Wyclef Jean (Thony Belizaire/AFP/Getty Images)

The New York Post alleges that the charity received $16 million in donations after a massive earthquake devastated Haiti in January 2010, but “spent just $5.1 million for emergency relief efforts.” The paper also claims Yele Haiti paid $1 million to a Florida food distributor, they claim, doesn’t exist.

Jean, a Haitian-born musician, defended the charity’s practices in a statement on his Web site, calling the NY Post piece “misleading, deceptive and incomplete.”

“The Post conveniently fails to acknowledge that the decisions that Yele made were a response to one of the world’s most catastrophic natural disasters in modern history and required an immediate humanitarian response,” he writes. “We made decisions that enabled us to provide emergency assistance in the midst of chaos and we stand by those decisions.”

Jean said the charity rebuilt an orphanage, built toilet and shower facilities and provided assistance to more than 250,000 people after the quake, among other accomplishments.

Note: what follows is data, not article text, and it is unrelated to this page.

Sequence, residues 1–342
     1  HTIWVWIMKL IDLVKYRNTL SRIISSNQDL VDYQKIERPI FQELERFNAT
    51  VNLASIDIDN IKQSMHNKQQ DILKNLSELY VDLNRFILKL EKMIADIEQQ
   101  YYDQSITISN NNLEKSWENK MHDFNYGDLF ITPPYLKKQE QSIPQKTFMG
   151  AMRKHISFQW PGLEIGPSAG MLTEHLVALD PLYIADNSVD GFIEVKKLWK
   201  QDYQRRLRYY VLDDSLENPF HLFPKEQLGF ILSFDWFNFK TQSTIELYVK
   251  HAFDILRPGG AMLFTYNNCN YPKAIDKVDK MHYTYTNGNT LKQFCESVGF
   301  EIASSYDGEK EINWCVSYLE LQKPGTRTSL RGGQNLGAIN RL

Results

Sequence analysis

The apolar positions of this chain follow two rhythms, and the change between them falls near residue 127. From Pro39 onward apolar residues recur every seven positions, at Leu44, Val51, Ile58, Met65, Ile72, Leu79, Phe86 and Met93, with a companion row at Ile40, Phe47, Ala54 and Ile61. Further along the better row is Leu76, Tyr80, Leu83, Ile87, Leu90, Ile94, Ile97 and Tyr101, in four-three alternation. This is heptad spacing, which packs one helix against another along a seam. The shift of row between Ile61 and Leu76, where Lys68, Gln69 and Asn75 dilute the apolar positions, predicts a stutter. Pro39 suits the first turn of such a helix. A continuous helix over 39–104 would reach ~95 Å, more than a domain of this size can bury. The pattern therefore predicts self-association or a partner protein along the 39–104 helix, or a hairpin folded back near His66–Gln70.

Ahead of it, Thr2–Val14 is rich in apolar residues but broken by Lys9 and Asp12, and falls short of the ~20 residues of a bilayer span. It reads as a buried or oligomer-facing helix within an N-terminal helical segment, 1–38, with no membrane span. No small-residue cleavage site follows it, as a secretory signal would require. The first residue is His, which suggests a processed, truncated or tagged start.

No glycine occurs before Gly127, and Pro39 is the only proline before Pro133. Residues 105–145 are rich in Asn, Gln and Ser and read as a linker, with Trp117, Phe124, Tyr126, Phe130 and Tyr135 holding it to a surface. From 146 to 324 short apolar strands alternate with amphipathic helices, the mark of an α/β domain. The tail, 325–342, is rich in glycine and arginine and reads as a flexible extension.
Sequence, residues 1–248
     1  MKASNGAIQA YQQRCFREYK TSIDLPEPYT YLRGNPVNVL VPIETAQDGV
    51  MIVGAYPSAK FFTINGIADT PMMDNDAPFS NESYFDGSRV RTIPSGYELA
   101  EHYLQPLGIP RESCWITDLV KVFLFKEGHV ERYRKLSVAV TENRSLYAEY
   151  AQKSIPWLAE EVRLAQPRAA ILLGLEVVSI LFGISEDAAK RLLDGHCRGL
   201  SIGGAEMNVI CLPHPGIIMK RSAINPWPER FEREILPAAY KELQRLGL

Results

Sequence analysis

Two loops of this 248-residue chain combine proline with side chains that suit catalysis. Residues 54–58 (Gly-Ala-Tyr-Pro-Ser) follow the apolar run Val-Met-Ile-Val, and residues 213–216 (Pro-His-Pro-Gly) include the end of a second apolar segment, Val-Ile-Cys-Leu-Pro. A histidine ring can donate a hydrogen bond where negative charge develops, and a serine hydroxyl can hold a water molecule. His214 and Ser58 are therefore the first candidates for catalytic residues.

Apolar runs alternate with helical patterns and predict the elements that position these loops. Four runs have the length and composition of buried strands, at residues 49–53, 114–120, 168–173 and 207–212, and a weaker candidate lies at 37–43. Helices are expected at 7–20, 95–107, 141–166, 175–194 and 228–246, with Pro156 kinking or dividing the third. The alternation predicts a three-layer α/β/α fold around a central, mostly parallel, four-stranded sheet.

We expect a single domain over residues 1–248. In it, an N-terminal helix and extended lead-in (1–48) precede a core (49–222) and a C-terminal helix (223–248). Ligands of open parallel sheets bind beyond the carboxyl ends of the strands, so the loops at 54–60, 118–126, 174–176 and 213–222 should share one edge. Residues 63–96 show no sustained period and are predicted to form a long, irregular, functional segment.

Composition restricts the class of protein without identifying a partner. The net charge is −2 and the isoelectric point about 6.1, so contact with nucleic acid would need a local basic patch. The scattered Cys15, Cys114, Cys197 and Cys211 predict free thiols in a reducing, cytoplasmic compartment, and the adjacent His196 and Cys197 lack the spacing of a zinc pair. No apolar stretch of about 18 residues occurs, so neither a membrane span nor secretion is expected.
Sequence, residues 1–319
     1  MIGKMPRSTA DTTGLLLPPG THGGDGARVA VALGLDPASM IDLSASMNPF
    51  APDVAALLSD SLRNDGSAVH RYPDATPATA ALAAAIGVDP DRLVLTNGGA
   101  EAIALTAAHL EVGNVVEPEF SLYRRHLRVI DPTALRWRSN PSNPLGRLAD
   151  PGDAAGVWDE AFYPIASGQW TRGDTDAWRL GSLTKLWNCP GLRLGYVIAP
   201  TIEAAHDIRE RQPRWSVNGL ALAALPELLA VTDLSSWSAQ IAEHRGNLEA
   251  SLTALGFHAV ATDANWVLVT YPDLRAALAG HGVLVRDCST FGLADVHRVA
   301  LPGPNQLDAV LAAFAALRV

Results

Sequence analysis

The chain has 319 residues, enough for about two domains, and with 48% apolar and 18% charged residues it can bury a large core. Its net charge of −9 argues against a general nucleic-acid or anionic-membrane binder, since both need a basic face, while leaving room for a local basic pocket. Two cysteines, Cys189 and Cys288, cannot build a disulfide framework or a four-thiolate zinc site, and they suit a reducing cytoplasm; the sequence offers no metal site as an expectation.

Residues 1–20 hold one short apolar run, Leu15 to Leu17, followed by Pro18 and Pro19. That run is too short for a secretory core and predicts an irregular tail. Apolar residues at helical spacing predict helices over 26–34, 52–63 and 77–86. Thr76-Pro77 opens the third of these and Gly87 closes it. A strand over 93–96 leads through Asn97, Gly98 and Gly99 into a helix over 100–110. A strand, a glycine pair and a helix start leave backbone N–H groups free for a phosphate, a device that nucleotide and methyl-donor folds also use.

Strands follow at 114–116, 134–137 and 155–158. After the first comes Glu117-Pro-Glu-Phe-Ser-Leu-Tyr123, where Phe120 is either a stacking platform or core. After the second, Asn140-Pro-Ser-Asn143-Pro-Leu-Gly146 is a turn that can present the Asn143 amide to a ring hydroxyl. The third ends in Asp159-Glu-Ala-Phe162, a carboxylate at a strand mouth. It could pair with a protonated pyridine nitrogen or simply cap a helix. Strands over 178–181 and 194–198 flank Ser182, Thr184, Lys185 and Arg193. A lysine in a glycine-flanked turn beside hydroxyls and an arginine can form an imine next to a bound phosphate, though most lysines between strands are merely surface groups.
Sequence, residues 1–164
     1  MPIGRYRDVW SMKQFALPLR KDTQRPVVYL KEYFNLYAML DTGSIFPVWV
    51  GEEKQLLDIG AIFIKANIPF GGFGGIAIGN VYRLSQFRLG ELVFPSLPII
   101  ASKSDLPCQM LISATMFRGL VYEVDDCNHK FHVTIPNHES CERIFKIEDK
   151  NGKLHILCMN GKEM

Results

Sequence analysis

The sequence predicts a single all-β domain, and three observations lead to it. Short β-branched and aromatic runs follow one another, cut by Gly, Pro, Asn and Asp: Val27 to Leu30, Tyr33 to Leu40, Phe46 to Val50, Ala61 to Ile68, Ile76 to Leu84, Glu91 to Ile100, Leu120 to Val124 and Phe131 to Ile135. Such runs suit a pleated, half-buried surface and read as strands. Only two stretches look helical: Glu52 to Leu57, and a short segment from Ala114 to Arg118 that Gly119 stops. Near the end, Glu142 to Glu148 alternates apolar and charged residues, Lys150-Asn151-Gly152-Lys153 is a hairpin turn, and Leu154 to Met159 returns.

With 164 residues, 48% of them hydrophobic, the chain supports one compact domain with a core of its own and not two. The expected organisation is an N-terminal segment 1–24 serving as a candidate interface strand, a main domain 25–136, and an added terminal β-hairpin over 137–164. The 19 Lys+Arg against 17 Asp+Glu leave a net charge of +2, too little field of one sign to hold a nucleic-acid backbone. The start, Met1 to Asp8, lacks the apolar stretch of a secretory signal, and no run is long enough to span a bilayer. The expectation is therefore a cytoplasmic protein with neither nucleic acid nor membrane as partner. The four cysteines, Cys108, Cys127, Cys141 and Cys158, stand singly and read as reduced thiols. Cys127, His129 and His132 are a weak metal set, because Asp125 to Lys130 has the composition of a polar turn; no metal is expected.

He also said the supposedly non-existent food distributor prepared and delivered almost 100,000 meals.

“Unfortunately, they chose not to include these facts and instead chose to imply that Yele ‘squandered’ donors money. Nothing could be further from the truth,” Jean said in the statement. “The percentage of funds used is consistent with NGOs and Not For Profits operating in Haiti at the time.”

The charity, formed in 2005, has come under fire before for the way it spends donations.

A previous analysis of Yele Haiti’s tax returns raised questions about the higher than usual amount being spent on administrative expenses, as the Post’s Susan Kinzie reported. For example, the charity paid $250,000 to a TV station and production company partially controlled by two members of the board of directors.

Jean admits the charity “has made mistakes in the past,” but said he is “proud” of the way Yele Haiti handled quake relief.